How to make a Fujifilm cold filter effect using Adobe Lightroom

HEADERThe Fujifilm cold color filter effect on photos is another popular effect mostly used in film posters nowadays. Therefore I am going to teach you how to give your photos a very cool fujifilm cold effect by using Adobe Lightroom.

Adobe Lightroom is a wonderful photo processing software, mostly used for adding presets on photos, but for this case presets don’t quite fit our needs. Suppose you have an underexposed photo you want to give your photo a wonderful “Fujifilm cold color filter effect”. You used a preset to make it, but it actually becomes worse. So the first thing you need to do is ensuring you have control on the exposure and other adjustments to go through the picture and then you can give your photo a very wonderful “Fujifilm cold color filter effect”. Again, if you want to give your photo a very good looking wedding look by using a preset, mostly presets consists of “Film Grain” (it gives a good effect though), but imagine you don’t want to add grain in your photo. Here I will brief how to give your photo a very good looking “Fujifilm cold color filter effect”.


At first you need to open the photo you want to give “Fujifilm cold color filter effect” in Adobe Lightroom. To open it in Adobe Lightroom simply drag the photo with right clicking and release it in Adobe Lightroom working field. This is how it will show.


Now click on “Import” to import the photo in Adobe Lightroom. Now you will find your photo opened in the “Library”. Here has a field named as “Quick adjustment” to simply adjust your photo. Don’t use this field, you can have a better result by using advance adjustment. Then, to develop the photo click on “Develop” on the top and you can see your photo in the working field.



This is the important part of a photo before giving any effect. If you want to use any preset then first you need to know the presets action and change your photo according to it. You can see the photo is a bit warm, in my case it works as an advantage for this tutorial purposes. Now go to the “Basic” settings and adjust the color and exposure.


First adjust the exposure. I think the exposure is a little bit low in this photo, so I reduce the exposure by moving the slide of exposure. You can also reduce the exposure by sliding the “Histogram” showing in top.


Then I give some contrast on the photo to give some highlight. Don’t forget to keep the triangles checked on the left and right of the histogram, they will alert you if the photo is over exposed or underexposed. Reduce the black to have a good contrast look.  Now add some “clarity” (increase the mid-tone) on the photo. When using clarity may reduce the color a little, for that I add some “Vibrance”, but since I don’t want an over saturated photo I reduce the “Saturation” value.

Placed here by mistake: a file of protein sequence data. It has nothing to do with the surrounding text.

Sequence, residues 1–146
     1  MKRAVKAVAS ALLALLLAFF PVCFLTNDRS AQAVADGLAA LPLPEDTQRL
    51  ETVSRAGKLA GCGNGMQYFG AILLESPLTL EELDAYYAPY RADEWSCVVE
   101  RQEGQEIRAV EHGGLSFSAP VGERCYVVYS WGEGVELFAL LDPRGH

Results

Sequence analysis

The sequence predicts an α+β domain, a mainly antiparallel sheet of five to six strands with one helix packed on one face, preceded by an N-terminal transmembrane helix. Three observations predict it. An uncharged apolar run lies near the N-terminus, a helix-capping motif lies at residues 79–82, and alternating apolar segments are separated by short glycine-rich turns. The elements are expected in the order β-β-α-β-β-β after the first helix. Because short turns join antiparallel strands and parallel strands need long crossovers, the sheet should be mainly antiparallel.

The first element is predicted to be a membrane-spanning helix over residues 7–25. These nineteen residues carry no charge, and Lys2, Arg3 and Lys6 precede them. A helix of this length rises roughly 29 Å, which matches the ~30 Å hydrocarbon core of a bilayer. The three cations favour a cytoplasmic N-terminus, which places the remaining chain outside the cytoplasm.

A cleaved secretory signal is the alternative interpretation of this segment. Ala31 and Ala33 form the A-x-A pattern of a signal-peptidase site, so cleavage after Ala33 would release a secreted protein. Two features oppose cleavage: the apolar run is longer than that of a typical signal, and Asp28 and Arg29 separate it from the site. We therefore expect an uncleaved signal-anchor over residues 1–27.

Tone curve is very important when you are adjusting a photo. Most of the adjustment can be done by using the tone curve. Go to the “Tone curve” and click on the “Point curve”. Now you can see the RGB in a straight line; sliding the curve in downward will increase the contrast and setting it upward will increase the highlight. Now all we need to do is taking the lower point of the curve to upward to give a fade look. And change the “RED”, “GREEN” and “BLUE” individually to give a Fujifilm color effect on your photo.






Here is the creativity of yours to pick the right tone effect. You can simply change the shadow and highlight tone of the picture individually by changing the hue and saturation of your photo’s color tone. For the Fujifilm cold color tone you don’t need to change the hue or the saturation of the highlights. Give the highlight hue 0 and saturation 0. Increase the balance to 100. Go to the shadows and make the hue 93 and saturation 40.



Now we want to give a vintage lens effect on our photo. Before that I want to make some lens correction. Go to the “Lens correction” option and checked the “Enable profile correction” and select a lens profile. For mine I selected “canon EF 15mm 2.8”. Now to make a vintage look go to the “Effect” option and select “the highlight priority” as style and reduce the amount and increase the midpoint a little. Finally, I added some film grain to the photo.



Now to save the photo go to the “File” option and select “Export”. A dialogue box will appear showing the saving directory and the format you want to save. Select “JPEG” as the file format and add the location where you want to save it. Then click “Export”.



So you see how easy it is to give a “Fujifilm cold color filter effect” on your photo.



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